Among such polymers, polyelectrolytes having units of the formula l I X Y D.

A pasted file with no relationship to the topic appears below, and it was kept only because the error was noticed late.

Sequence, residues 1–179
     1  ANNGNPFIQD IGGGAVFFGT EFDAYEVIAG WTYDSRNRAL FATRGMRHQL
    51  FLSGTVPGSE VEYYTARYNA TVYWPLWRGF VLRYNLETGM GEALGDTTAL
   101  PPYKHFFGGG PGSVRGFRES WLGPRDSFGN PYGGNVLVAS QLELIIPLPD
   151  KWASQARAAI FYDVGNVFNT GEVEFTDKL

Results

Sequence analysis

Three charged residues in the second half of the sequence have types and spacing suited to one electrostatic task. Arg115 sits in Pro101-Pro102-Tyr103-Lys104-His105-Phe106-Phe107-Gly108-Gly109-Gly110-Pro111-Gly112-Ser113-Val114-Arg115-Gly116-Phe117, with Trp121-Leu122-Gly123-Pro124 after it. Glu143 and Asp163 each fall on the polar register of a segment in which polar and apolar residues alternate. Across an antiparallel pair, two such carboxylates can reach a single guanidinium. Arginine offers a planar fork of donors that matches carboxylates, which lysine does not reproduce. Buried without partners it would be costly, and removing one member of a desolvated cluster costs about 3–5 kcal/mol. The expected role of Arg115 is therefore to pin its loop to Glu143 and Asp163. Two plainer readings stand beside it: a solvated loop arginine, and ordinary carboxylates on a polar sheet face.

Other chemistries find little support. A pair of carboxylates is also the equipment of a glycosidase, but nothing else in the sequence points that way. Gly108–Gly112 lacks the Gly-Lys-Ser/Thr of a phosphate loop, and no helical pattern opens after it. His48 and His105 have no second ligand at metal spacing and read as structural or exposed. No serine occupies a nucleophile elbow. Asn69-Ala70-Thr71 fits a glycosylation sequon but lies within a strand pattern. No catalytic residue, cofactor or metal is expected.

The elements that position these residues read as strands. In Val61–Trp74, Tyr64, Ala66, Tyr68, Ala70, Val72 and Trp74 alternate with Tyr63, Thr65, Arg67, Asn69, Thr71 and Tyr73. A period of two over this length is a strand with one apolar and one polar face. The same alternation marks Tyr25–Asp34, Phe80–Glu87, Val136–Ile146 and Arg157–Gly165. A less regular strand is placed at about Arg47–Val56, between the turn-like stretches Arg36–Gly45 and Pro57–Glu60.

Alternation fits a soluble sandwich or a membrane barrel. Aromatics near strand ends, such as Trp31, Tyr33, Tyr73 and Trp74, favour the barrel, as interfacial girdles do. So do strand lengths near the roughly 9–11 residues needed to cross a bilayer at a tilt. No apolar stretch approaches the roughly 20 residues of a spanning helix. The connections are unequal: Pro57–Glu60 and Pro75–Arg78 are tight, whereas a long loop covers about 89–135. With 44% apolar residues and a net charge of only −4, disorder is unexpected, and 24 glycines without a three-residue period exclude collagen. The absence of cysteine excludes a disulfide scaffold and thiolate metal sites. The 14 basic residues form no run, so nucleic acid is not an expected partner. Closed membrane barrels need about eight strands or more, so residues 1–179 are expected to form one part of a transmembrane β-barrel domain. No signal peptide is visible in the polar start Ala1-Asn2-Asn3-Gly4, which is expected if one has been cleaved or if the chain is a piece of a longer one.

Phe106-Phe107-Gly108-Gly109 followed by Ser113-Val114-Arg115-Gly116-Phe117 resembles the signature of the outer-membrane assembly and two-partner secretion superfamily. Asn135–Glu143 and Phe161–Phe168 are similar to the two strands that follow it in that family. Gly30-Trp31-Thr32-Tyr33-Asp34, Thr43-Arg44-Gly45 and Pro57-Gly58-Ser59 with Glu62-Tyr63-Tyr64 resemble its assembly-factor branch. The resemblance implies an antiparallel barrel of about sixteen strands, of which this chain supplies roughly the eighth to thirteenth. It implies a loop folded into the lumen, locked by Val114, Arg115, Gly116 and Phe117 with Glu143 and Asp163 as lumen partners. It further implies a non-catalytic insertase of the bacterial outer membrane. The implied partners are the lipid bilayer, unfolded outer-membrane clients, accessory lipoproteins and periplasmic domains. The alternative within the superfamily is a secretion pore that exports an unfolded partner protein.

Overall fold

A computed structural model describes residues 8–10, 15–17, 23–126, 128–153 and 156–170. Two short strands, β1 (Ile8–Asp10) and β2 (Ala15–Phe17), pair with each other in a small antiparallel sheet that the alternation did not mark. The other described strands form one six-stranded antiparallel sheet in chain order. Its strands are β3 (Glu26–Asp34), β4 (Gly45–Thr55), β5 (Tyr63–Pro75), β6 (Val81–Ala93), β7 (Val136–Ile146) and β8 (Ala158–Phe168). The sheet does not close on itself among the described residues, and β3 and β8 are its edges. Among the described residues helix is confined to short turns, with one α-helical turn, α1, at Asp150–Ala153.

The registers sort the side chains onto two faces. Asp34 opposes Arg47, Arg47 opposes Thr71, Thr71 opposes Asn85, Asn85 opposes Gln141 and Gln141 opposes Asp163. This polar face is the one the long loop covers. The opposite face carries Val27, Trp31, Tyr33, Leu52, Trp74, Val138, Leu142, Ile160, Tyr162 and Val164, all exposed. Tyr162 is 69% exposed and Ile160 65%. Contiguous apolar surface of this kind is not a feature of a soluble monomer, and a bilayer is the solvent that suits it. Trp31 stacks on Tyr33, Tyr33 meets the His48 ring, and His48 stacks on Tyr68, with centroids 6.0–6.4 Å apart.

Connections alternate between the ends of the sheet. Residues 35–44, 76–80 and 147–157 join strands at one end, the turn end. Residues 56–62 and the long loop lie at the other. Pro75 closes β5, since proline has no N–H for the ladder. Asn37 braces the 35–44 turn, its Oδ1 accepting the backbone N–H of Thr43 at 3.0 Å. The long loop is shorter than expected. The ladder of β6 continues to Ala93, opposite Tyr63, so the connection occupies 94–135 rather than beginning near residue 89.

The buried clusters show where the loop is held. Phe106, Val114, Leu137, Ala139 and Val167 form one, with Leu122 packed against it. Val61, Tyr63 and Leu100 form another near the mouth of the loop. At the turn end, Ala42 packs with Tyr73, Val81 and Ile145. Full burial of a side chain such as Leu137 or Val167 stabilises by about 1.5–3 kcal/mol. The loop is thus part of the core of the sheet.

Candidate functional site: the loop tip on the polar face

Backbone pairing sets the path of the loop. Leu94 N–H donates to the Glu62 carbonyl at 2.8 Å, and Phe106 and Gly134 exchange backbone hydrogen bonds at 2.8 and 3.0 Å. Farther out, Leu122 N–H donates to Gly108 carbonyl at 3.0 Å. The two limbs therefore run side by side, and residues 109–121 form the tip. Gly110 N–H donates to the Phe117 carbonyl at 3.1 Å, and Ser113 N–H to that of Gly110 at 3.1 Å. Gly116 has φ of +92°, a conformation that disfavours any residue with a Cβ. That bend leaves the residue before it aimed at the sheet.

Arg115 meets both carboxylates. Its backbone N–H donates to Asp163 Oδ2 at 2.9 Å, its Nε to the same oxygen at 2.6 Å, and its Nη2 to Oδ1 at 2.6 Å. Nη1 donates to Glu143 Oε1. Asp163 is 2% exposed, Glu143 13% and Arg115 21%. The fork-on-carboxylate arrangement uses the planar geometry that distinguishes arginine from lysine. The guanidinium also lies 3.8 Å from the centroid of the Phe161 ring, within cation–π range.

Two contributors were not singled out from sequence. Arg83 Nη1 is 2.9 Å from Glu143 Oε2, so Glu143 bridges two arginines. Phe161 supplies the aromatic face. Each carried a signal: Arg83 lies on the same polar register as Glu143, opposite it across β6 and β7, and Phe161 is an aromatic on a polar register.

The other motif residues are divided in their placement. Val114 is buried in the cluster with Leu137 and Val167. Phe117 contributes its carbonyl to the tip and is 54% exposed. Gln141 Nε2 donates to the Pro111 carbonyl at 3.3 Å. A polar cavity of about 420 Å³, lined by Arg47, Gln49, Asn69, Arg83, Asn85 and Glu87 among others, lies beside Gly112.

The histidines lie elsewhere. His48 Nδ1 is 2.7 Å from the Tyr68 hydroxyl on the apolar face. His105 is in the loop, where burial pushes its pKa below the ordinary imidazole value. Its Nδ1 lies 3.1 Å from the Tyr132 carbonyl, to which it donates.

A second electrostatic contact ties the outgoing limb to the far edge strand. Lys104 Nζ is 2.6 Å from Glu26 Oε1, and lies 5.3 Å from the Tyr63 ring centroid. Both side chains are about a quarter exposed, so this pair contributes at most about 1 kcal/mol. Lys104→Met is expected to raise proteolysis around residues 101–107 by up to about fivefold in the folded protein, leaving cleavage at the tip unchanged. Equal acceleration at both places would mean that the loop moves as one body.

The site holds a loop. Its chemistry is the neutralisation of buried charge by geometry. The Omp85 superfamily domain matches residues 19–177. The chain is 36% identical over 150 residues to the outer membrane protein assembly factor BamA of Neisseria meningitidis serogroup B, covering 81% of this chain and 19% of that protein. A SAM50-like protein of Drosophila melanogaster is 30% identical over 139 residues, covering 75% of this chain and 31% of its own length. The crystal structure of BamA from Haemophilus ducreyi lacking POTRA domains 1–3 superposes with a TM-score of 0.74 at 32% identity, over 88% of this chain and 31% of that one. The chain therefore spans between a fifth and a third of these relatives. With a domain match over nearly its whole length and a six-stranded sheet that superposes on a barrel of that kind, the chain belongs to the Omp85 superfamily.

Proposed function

wherein: R,, and R are selected from; the group consisting of hydrogen, halogen (preferably chlorine,) alkyl of one to four carbon atoms (preferably methyl,) cyano, phenyl, or mixtures thereof; provided that not more than one of R and R, is phenyl; Z is a bivalent radical (preferably alkylene, phenylalkylene, lower-alkoxyalkylene, and lower-aliphatic acyloxyalkylene) comprising a carbon chain having one to four carbon atoms, inclusive, said carbon chain being part of a unit which contains one to 18 carbon atoms inclusive, q is 0 or 1, X and Y are selected from hydroxy, 0 alkali metal, OR, --ONH,, ONHR 0Nl-I R ONl-l R, NRR', -(Q),,-W- (NR'R'),, and (Q)pW(OH) wherein x is l to 4 and p is 0 or I, wherein R is selected from the group consisting of alkyl, phenylalkyl, or phenyl, in each case of one to 18 carbon atoms, wherein R is H or R, wherein Q is oxygen or --NR', and wherein W is a bivalent radical preferably selected from lower-alkylene, phenyl, phenylalkyl, phenylalkylphenyl, and alkylphenylalkyl having up to 20 carbon atoms, X and Y taken together can be an oxygen atom, and at least 1 of. X and Y being hydroxyl or X and Y together constituting an oxygen atom, are preferred. Many of these polymers are commer cially available and others are simple derivatives of commercially available products, which can be readily prepared either prior to or simultaneously with the enzyme attachment reaction, or produced as a minor modification of the basic polymer after attachment. Such polymers containing the abovedescribed EMA-type units are hereinafter referred to as an EMA-type polymer.